Mesothelioma infects the lining of the lungs and chest cavity. It is very rare compared to many other forms of cancer, but once tumors develop, they can follow a similar pattern. When mesothelioma metastasizes, it spreads to other areas of the body, including the lymph nodes. Mesothelioma tumors in the lymph nodes are usually a sign that the disease is progressing.
The lymphatic system runs through the body and is made up of individual nodes connected by lymph vessels. Most of the nodes are found in clusters in the underarm, neck, chest, abdomen, and groin. The lymphatic fluid acts as a filter as it travels throughout the body, removing foreign or abnormal cells and waste from other tissues. The lymphatic system also produces white blood cells that help protect the body from disease, along with other key functions, such as regulating fluid levels and absorbing fats.
Like the bloodstream, the lymphatic system can be a pathway for cancerous cells to travel to other parts of the body. When mesothelioma metastasizes, it typically infects other local areas first. These can include one or both of the lungs, the chest wall, and the diaphragm. The lymphatic fluid is supposed to clean out cancerous cells from the body, but sometimes they can break through and infect the nodes located in the chest. Patients may see tumors in regional lymph nodes as early as stage 2, but most often in stage 3 or later.
Diagnosing Mesothelioma in the Lymph Nodes
Infected lymph nodes are easy to spot, as the small nodes will often, but not always, become swollen. A swollen lymph node can usually be felt through the skin, especially if it is in a tight area such as the neck. Deeper lymph nodes may not be as obvious when they become infected. A tumor can be detected by a PET scan, but a biopsy is needed to confirm whether it is mesothelioma.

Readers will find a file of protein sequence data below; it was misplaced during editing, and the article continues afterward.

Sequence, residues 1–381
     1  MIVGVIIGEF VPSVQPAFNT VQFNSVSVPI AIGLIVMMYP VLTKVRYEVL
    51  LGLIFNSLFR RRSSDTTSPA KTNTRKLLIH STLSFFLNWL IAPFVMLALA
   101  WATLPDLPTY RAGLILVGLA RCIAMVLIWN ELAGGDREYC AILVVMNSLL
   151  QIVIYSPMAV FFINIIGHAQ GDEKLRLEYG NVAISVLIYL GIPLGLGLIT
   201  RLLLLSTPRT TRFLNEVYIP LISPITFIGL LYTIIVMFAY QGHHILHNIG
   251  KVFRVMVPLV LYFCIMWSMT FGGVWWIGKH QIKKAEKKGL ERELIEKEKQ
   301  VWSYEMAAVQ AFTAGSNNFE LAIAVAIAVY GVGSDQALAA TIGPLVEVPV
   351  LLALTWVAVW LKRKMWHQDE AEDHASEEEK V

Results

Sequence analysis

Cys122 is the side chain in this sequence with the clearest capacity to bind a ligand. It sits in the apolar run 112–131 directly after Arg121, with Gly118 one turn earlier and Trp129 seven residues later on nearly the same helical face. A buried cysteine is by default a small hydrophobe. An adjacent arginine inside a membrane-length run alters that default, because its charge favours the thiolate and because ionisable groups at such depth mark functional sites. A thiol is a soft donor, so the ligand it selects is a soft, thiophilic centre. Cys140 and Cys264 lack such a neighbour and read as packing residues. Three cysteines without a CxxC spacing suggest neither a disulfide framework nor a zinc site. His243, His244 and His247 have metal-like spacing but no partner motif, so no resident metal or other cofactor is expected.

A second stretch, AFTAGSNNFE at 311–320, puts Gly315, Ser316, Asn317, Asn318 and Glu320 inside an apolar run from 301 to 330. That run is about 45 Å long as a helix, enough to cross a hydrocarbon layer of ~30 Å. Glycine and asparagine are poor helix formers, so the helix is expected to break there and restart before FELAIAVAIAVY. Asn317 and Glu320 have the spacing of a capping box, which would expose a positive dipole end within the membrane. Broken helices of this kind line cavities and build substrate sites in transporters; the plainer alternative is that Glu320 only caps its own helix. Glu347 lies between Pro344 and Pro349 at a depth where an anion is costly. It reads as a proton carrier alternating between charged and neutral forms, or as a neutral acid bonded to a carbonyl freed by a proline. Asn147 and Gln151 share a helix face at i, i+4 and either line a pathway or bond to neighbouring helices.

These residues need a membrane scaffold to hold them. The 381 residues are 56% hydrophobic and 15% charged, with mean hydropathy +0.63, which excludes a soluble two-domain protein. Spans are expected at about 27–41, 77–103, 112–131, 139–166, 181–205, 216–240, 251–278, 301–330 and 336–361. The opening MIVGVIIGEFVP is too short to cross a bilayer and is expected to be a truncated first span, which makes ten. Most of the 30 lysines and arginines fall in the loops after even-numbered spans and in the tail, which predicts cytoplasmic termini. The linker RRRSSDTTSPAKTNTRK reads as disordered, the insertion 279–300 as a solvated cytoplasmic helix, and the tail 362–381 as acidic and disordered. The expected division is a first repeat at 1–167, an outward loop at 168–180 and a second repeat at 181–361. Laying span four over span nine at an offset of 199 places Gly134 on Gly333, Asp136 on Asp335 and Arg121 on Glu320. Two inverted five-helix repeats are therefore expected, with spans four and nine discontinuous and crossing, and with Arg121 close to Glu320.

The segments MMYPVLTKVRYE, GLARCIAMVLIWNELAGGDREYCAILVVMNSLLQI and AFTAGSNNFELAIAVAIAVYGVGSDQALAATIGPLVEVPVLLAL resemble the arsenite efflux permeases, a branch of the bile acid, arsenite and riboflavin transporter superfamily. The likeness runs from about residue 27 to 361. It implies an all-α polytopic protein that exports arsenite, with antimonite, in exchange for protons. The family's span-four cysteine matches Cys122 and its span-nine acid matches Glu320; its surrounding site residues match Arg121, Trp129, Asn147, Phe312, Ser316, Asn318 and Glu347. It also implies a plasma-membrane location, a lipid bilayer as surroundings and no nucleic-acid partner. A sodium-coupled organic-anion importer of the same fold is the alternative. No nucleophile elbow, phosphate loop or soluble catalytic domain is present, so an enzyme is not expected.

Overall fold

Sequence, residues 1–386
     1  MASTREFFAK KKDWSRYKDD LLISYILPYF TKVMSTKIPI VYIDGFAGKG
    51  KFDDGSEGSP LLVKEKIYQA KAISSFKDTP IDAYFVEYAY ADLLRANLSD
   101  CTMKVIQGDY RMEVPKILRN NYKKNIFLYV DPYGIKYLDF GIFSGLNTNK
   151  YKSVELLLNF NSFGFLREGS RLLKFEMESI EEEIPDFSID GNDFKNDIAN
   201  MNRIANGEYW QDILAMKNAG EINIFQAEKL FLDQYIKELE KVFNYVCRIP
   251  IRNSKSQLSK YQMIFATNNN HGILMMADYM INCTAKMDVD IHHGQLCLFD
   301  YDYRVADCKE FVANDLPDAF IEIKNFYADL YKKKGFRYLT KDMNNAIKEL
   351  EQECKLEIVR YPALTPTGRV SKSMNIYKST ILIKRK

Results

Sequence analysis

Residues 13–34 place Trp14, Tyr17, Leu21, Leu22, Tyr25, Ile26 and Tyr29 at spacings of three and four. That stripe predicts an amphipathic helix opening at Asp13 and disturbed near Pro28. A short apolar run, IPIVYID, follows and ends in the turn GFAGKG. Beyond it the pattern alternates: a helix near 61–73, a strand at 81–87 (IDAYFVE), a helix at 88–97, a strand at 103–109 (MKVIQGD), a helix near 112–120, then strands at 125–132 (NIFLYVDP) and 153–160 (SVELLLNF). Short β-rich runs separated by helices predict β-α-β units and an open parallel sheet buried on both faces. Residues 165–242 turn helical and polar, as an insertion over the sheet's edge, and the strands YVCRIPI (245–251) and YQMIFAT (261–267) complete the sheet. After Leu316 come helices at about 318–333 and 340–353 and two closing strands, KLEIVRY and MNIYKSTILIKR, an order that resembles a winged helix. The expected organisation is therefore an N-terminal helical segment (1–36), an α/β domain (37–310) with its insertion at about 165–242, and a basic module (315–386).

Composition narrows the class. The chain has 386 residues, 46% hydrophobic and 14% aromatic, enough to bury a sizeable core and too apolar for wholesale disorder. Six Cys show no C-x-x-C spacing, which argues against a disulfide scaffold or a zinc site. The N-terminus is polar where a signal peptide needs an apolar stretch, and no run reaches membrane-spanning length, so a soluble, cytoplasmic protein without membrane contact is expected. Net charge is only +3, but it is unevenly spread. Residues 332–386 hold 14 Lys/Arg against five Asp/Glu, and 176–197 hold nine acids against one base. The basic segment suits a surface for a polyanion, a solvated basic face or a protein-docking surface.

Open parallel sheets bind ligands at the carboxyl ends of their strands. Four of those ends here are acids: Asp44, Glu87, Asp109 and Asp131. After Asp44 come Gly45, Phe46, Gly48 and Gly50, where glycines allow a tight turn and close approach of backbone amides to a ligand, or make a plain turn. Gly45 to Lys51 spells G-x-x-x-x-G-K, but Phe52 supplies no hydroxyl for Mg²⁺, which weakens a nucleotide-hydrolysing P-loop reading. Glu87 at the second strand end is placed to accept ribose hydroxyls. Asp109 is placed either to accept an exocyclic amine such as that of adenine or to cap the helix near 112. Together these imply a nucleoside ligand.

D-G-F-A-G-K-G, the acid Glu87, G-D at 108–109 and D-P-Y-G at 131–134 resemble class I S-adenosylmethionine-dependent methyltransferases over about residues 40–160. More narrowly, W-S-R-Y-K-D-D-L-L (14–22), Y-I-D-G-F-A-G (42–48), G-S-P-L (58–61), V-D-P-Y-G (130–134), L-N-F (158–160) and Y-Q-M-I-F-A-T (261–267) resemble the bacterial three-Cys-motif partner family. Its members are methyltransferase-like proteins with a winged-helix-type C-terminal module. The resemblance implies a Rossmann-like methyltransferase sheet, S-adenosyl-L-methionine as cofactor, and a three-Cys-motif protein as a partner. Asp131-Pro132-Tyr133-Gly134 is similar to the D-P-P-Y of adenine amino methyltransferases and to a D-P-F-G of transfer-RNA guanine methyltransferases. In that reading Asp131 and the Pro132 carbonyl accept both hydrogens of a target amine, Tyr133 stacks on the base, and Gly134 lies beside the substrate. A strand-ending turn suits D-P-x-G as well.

Once mesothelioma has metastasized, it becomes much more difficult to treat. Patients in earlier stages may still be eligible for surgery, as the tumors are located close together and can more easily be removed surgically. When tumors spread locally to the lymph nodes, lymphatic fluid can then carry the disease to more distant parts of the body, making surgery impractical. Patients who have metastasized mesothelioma may also not be considered generally healthy enough to undergo a procedure.
Mesothelioma has a long latency period, and symptoms are generally mild in early stages, making it difficult to diagnose. Mesothelioma is incurable, and most patients do not receive a diagnosis until the disease has already metastasized to the lymph nodes.
Philadelphia Mesothelioma Attorneys at Shein Law Advocate for Mesothelioma Patients
If you or a loved one has been diagnosed with an asbestos disease such as lung cancer or mesothelioma, consult with our Philadelphia mesothelioma attorneys at Shein Law. Located in Philadelphia and Pennsauken, New Jersey, we serve clients throughout Pennsylvania and New Jersey. Call 877-743-4652 or contact us online to schedule an appointment.